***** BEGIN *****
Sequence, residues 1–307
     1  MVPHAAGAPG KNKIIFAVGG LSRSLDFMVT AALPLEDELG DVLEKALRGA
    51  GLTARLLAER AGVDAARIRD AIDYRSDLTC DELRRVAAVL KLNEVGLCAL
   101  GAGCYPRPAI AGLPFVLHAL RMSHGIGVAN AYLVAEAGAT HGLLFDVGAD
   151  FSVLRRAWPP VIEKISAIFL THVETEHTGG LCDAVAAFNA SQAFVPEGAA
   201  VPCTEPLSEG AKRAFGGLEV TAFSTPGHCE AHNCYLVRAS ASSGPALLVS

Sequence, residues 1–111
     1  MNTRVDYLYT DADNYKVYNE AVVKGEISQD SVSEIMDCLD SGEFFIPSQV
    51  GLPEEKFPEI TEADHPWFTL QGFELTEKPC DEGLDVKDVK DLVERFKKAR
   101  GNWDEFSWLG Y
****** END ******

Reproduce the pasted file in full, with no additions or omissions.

Sequence, residues 1–307
     1  MVPHAAGAPG KNKIIFAVGG LSRSLDFMVT AALPLEDELG DVLEKALRGA
    51  GLTARLLAER AGVDAARIRD AIDYRSDLTC DELRRVAAVL KLNEVGLCAL
   101  GAGCYPRPAI AGLPFVLHAL RMSHGIGVAN AYLVAEAGAT HGLLFDVGAD
   151  FSVLRRAWPP VIEKISAIFL THVETEHTGG LCDAVAAFNA SQAFVPEGAA
   201  VPCTEPLSEG AKRAFGGLEV TAFSTPGHCE AHNCYLVRAS ASSGPALLVS

Sequence, residues 1–111
     1  MNTRVDYLYT DADNYKVYNE AVVKGEISQD SVSEIMDCLD SGEFFIPSQV
    51  GLPEEKFPEI TEADHPWFTL QGFELTEKPC DEGLDVKDVK DLVERFKKAR
   101  GNWDEFSWLG Y